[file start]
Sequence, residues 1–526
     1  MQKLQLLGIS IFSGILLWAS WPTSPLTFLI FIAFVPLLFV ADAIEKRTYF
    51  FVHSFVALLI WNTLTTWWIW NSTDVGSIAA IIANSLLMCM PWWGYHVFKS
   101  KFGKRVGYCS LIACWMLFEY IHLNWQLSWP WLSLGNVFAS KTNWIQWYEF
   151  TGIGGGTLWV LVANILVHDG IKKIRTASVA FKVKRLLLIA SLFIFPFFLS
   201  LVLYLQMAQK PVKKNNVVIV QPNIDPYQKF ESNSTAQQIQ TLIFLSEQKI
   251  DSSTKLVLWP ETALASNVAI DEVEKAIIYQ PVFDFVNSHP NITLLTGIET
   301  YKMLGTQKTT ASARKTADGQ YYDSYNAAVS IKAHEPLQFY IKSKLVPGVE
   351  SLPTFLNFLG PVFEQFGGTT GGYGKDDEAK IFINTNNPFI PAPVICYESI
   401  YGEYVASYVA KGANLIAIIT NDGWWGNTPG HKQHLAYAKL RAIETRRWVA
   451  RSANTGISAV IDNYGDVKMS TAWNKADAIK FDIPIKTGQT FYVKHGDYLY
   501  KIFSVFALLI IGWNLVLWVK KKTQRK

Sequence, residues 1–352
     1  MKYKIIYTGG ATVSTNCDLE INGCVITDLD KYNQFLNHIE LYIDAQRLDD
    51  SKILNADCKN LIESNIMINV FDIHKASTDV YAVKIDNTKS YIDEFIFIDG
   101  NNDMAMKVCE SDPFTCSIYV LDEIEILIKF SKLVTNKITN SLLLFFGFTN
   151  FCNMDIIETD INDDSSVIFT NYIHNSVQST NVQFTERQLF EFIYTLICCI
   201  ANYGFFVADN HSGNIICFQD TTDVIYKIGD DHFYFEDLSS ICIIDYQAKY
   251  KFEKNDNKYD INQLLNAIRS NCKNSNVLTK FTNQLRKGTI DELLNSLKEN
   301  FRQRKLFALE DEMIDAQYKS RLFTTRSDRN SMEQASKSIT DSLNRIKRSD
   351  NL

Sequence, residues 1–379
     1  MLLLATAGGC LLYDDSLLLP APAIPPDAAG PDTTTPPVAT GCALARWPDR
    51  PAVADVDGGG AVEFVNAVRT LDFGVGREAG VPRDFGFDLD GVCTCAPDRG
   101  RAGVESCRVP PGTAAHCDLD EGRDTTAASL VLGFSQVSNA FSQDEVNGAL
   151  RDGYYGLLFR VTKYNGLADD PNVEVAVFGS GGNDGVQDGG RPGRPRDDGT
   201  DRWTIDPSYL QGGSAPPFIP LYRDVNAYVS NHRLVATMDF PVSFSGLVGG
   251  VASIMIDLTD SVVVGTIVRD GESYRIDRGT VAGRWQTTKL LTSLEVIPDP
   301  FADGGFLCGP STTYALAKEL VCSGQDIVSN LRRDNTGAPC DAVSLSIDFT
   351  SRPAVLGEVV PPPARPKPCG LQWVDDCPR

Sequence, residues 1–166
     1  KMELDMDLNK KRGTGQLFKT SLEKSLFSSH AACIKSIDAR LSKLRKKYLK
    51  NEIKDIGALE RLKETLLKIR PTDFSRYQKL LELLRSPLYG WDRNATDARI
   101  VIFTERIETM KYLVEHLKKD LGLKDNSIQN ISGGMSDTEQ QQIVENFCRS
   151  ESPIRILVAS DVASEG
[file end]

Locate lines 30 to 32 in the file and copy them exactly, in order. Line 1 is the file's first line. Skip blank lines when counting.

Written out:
   351  SRPAVLGEVV PPPARPKPCG LQWVDDCPR

Sequence, residues 1–166
     1  KMELDMDLNK KRGTGQLFKT SLEKSLFSSH AACIKSIDAR LSKLRKKYLK